Then shall your light rise in the darkness and your gloom be as the noonday. And the Lord will guide you continually and satisfy your desire in scorched places and make your bones strong; and you shall be like a watered garden, like a spring of water, whose waters do not fail. (Verses 10b-11, ESV)

Luke 6:38 says, “Give, and it will be given to you. Good measure, pressed down, shaken together, running over, will be put into your lap. For with the measure you use it will be measured back to you.” This is not a “prosperity gospel” proof text: it follows admonitions about forgiving and not judging and condemning. The point is, you reap what you sow. But you can’t outgive God.

Jesus said, “Greater love has no one than this, that someone lay down his life for his friends (John 15:13, ESV). We think of this as dying for someone, and there is certainly no greater love than giving one’s life for another. But I wonder if there is a sense in which that’s also true of laying down one’s life day by day in the service of another. Jesus demonstrated both kinds of love: the daily pouring Himself out for others as well as laying down His life.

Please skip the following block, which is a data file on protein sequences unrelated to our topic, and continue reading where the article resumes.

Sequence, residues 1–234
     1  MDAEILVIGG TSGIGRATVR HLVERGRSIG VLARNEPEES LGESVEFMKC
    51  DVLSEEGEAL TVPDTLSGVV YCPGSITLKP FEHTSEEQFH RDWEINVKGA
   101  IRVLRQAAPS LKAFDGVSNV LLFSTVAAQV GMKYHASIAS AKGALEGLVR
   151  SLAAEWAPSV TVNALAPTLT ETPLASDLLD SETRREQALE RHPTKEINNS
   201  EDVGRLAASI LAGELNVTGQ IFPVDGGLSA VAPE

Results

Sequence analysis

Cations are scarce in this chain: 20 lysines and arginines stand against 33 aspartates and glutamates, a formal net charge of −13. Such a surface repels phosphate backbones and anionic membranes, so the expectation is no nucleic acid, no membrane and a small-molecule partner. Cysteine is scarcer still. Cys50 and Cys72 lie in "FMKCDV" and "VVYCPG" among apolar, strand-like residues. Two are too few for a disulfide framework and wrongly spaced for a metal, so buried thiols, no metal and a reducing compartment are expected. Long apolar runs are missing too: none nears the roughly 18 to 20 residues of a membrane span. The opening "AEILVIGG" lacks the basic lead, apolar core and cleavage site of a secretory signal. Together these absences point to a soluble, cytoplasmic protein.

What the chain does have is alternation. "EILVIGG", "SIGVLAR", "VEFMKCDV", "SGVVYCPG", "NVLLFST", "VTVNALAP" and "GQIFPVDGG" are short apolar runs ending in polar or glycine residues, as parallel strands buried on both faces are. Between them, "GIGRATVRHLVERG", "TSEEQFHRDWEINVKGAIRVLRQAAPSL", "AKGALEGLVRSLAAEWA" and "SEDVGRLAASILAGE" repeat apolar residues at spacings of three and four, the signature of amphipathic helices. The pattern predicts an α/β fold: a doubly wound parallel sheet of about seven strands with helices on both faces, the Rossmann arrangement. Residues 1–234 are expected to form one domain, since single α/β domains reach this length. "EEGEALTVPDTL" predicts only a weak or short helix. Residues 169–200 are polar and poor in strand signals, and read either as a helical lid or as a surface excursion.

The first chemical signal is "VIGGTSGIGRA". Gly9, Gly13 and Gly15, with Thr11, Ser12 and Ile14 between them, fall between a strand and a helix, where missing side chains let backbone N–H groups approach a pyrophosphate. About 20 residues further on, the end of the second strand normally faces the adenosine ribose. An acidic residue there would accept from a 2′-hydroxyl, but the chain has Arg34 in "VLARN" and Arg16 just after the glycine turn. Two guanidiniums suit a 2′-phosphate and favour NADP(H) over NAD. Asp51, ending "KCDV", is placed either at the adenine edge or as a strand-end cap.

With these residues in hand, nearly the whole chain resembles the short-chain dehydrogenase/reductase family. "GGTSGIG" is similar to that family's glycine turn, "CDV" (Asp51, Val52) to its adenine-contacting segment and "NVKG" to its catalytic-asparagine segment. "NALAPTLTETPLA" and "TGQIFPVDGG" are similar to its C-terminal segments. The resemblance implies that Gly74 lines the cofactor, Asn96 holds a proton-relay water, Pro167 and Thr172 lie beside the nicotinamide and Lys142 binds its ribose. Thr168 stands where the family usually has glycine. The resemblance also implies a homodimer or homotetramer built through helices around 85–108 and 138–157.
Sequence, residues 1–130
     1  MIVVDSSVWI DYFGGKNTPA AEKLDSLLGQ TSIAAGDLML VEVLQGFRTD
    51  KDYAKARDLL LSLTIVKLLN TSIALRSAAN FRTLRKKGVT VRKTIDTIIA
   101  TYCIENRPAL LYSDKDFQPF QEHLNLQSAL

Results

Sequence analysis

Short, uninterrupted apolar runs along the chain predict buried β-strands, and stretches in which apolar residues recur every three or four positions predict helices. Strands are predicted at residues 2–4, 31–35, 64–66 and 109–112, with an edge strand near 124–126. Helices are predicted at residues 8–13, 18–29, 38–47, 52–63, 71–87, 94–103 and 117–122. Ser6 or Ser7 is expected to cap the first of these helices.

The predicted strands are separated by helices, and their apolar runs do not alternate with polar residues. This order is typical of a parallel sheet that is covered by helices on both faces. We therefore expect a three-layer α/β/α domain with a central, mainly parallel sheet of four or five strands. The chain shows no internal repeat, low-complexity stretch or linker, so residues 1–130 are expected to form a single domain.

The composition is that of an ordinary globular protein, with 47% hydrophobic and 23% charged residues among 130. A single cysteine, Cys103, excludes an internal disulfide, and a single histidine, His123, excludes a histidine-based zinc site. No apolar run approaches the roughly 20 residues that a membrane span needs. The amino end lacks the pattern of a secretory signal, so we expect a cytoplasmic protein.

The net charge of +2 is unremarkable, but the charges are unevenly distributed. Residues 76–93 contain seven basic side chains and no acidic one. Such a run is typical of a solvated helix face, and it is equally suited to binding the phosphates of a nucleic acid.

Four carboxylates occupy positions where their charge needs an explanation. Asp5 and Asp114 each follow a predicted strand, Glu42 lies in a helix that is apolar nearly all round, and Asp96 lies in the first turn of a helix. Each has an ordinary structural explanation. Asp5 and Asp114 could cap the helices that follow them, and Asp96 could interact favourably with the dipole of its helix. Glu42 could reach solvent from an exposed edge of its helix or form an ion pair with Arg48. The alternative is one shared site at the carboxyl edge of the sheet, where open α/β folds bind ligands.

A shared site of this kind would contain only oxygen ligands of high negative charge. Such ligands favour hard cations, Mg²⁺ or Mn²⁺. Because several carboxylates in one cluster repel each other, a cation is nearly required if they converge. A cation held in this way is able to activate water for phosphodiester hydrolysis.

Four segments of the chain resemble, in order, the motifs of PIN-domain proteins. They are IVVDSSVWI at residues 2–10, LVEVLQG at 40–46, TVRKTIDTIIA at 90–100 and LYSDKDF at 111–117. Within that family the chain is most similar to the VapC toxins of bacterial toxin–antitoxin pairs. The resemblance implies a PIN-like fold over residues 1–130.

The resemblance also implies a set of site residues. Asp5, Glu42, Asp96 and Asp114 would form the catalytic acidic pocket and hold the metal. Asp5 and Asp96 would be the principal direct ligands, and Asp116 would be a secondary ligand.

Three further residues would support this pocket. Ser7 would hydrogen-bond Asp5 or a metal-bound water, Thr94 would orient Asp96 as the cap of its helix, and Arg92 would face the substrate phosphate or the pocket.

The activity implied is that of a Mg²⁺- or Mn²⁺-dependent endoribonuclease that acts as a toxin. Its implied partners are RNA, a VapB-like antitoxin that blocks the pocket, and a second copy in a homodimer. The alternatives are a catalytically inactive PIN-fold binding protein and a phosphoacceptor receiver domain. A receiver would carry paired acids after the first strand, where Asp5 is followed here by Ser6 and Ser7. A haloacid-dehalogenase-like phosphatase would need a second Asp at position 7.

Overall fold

The purpose of this post is not about fasting or caregiving. It’s about the truth that loving others and ministering to them doesn’t always come about in the ways we’d most prefer. It’s often messy and costly.  But “your Father knoweth what things ye have need of, before ye ask him” (Matthew 6:8, KJV). God continues to water our garden as we give out of it.

If anyone would come after me, let him deny himself and take up his cross daily and follow me. For whoever would save his life will lose it, but whoever loses his life for my sake will save it. Luke 9:23-24, ESV

(Sharing with Inspire Me Monday, Literary Musing Monday, Tell His Story, Let’s Have Coffee, Porch Stories, Wise Woman, Woman to Woman Word-filled Wednesday, Faith on Fire)

Veterans in Watership Down

I listened to Watership Down at the end of last year. It’s quite an interesting story about rabbits searching for a new home, figuring out problems, and fighting through dangers. The author, Richard Adams, was careful to have the rabbits act like rabbits, not humans, except for the ability to talk and think, which naturally led to a rabbit history and mythology.